• If we have \( f(x)=x^{2} \), then \( f'(0)=0 \) and \( x=0 \) is a critical point. At this critical point, we have a horizontal tangent and an absolute minimum at \( x=0 \).Algebraic Functions graph of a function with a critical point and a local minimum StudySmarterIf we have \( f(x)=x^{2} \), then \( f'(0)=0 \) and \( x=0 \) is a critical point. At this critical point, we have a horizontal tangent and an absolute minimum at \( x=0 \). — StudySmarter Originals
    • Or the function has an inflection point at \( c \).
      • If we have \( f(x)=x^{3} \), then \( f'(0)=0 \) and \( x=0 \) is a critical point. At this critical point, we have a horizontal tangent and a change in concavity, but no minimum or maximum.Algebraic Functions graph with horizontal tangent at critical point StudySmarterIf we have \( f(x)=x^{3} \), then \( f'(0)=0 \) and \( x=0 \) is a critical point. At this critical point, we have a horizontal tangent and a change in concavity, but no minimum or maximum. — StudySmarter Originals
  • If the critical point is , we have either:
    • A vertical tangent at point \( c \).
      • If we have \( f(x)=x^{\frac{1}{3}} \), then \( f'(0)=DNE \) and \( x=0 \) is a critical point. At this critical point, we have a vertical tangent and a change in concavity.
      • Algebraic Functions graph with vertical tangent at critical point StudySmarterIf we have \( f(x)=x^{\frac{1}{3}} \), then \( f'(0)=DNE \) and \( x=0 \) is a critical point. At this critical point, we have a vertical tangent and a change in concavity. — StudySmarter Originals
    • Or a sharp turn at point \( c \).
      • If we have \( f(x)=\sqrt[3]{x^{2}} \), then \( f'(0)=DNE \) and \( x=0 \) is a critical point. At this critical point, we have a sharp turn and a change in concavity.
      • Algebraic Functions graph with sharp turn at critical point StudySmarterIf we have \( f(x)=\sqrt[3]{x^{2}} \), then \( f'(0)=DNE \) and \( x=0 \) is a critical point. At this critical point, we have a sharp turn and a change in concavity. — StudySmarter Originals

To find a critical point of a function, we follow these steps:

  1. Find the Derivative of the function.

  2. Set the derivative equal to 0.

    1. Solve for x, if possible.

  3. Find all values of x (if any) where the derivative is undefined.

  4. All the values of x (if they are within the domain of the original function) found in steps 2 and 3 are the x-coordinates of the critical points.

    • Find the y-values of the critical points by plugging the x-values into the original function and solving for the y-coordinate.

Higher-Order Derivatives of Algebraic Functions – Inflection Points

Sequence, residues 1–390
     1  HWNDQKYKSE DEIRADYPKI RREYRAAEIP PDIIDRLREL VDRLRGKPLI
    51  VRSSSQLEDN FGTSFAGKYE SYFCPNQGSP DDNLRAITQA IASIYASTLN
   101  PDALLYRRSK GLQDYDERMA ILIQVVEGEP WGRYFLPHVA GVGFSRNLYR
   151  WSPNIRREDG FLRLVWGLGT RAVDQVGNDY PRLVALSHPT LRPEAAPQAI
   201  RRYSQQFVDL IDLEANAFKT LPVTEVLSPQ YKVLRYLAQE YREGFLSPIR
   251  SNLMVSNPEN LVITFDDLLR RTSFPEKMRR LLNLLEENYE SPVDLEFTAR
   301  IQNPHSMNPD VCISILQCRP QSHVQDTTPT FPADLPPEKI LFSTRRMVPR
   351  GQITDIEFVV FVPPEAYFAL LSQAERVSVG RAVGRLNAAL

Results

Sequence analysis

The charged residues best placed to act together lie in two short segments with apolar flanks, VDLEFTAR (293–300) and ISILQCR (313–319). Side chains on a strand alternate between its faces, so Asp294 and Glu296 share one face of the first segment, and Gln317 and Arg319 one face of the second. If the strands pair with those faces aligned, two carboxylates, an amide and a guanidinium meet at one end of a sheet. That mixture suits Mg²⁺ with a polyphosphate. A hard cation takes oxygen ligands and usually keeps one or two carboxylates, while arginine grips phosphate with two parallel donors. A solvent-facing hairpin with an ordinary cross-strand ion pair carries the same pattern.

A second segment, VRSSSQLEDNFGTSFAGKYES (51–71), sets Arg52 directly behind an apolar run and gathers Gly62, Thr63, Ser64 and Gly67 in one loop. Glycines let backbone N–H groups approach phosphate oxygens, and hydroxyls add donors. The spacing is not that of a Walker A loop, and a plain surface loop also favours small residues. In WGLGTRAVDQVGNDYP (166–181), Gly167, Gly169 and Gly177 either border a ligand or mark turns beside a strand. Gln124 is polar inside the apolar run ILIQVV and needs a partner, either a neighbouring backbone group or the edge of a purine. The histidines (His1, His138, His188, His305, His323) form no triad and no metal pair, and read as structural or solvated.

If we want to find the inflection points on the graph of an algebraic function, we must know how to take the second derivative of the function. This can be found in our article on Higher-Order Derivatives.

What is an inflection point?

If is continuous at and changes concavity at , then the point is an inflection point of .

But what is an inflection point, exactly?

Wherever we have an inflection point on a function, that is where it changes from either:

  • Convex to Concave, or
  • Concave to Convex

And what do Concave and Convex mean? 1

  • Convex (also called Concave Upward or Convex Downward) is when the slope of a function is increasing.

  • Concave (also called Concave Downward or Convex Upward) is when the slope of a function is decreasing.

Note that the AP Calculus Exams (and likely your AP Calculus teacher) use the terms Concave Up and Concave Down.

Algebraic Functions the difference between convex and concave StudySmarterThe difference between concave up and concave down – StudySmarter Originals

So, how do we find where a function changes concavity?

  • We find the second derivative of the function.

    • If the second derivative of a function is positive, then it is Convex.

    • If the second derivative of a function is negative, then it is Concave.

Graphing Algebraic Functions

The graphs of all these types of algebraic functions vary widely from each other. However, the general procedure to graph an algebraic function is as follows:

  1. Calculate the x-intercepts by setting and solving for x.

  2. Calculate the y-intercepts by setting and solving for y.

  3. Find and plot any asymptotes.

  4. Find and plot any critical points.

  5. Find and plot any inflection points.

  6. Calculate some extra points along the curve until you get a good feel for how the curve looks.

  7. Plot all these points and draw the curve that connects them.

Graph the function:

Solution:

  1. Calculate the x-intercepts by setting and solving for x.

    • can be replaced with.

    • → set and cross-multiply to solve for.

    • → There are no x-intercepts.

  2. Calculate the y-intercepts by setting and solving for y.

    • can be replaced with.

    • → set and solve for.

    • → you can't divide by 0! There are no y-intercepts.

  3. Find and plot any asymptotes.

    • Since the expression as, there is a horizontal asymptote at the line (the x-axis).